"Those who like it, like it A LOT!"

  5. #5
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    Thanks for the info....had to figure it was in the works for the future, but I am glad to hear that it will probably be sooner than later. Since SRAM is famous for their "double tap" technology being on a single paddle, do you think they will add another button somewhere on the hoods or stick with a single paddle/button and still require a short throw and long throw?

  6. #6
    Steaming piles of opinion
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    Quote Originally Posted by oldtrek716 View Post
    Thanks for the info....had to figure it was in the works for the future, but I am glad to hear that it will probably be sooner than later. Since SRAM is famous for their "double tap" technology being on a single paddle, do you think they will add another button somewhere on the hoods or stick with a single paddle/button and still require a short throw and long throw?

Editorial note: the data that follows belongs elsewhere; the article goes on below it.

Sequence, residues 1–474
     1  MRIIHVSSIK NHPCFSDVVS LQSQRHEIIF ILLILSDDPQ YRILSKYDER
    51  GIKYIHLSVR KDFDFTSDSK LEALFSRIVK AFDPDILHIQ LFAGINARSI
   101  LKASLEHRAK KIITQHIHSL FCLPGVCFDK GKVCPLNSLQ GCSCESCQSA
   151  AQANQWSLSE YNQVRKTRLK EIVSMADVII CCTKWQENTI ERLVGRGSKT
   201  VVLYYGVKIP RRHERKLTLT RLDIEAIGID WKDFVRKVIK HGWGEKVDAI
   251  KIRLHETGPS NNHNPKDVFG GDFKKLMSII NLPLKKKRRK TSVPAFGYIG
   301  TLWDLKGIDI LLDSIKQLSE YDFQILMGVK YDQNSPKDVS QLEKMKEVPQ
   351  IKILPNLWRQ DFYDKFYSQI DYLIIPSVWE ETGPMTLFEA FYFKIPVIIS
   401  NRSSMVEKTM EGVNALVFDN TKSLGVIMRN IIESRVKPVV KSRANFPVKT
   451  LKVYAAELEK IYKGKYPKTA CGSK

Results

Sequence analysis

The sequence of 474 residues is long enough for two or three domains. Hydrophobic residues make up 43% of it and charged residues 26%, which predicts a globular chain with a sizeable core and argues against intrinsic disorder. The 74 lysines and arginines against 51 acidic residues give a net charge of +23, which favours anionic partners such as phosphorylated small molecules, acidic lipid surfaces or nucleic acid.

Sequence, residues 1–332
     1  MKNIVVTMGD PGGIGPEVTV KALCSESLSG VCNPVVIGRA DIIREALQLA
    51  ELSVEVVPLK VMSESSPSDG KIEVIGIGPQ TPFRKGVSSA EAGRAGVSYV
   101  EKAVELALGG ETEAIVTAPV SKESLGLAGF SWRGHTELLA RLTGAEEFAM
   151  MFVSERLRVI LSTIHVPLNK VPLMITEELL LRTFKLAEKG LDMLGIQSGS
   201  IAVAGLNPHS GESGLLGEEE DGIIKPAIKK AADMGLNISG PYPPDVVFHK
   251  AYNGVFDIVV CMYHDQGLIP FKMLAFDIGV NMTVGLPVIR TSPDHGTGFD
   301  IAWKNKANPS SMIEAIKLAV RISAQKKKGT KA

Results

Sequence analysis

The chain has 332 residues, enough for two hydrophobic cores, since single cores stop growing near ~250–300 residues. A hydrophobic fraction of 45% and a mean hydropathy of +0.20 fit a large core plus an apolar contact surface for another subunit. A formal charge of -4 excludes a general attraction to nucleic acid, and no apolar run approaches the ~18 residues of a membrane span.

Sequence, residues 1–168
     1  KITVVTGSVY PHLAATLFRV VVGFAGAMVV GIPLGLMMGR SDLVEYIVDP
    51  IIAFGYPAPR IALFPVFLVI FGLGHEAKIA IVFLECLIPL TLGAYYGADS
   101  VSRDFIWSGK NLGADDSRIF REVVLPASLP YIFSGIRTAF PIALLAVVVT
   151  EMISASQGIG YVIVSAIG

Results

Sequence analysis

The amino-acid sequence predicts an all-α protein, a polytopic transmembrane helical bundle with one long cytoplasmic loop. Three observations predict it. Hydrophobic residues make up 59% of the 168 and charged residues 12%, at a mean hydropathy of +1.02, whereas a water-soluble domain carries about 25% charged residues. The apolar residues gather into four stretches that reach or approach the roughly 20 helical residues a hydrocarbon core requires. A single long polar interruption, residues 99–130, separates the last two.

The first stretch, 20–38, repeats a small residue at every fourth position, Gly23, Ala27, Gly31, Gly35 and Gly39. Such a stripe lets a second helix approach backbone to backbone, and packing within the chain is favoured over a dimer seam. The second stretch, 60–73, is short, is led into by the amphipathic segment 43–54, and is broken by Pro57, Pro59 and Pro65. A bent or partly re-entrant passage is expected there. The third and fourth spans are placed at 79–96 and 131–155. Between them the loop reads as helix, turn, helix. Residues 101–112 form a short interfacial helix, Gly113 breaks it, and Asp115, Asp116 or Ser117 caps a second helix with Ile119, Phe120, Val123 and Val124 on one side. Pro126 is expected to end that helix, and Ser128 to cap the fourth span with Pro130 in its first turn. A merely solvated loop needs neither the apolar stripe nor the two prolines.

Famous for it in that they did it that way for mechanical reasons, not because it's magically superior ergonomically. One could argue that it is in the mechanical world, but for electronics, it really makes less sense. Not that it couldn't be done with an electronic interface, but the chances of missed shifts would go way up, and that's the opposite the intention of going electric.

    Heck, maybe that's holding them up - trying to find an innovative, useful button position that's not already patented or somesuch.

    That said: They'll need to do 11s soon. I'm less convinced they'll go electronic as quickly - they may instead choose to stake out "lighter and more reliable" as their marketing position.

    For those itching for a fight, please note that I said marketing position.
    A good habit is as hard to break as a bad one..

  7. #7
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    Quote Originally Posted by danl1 View Post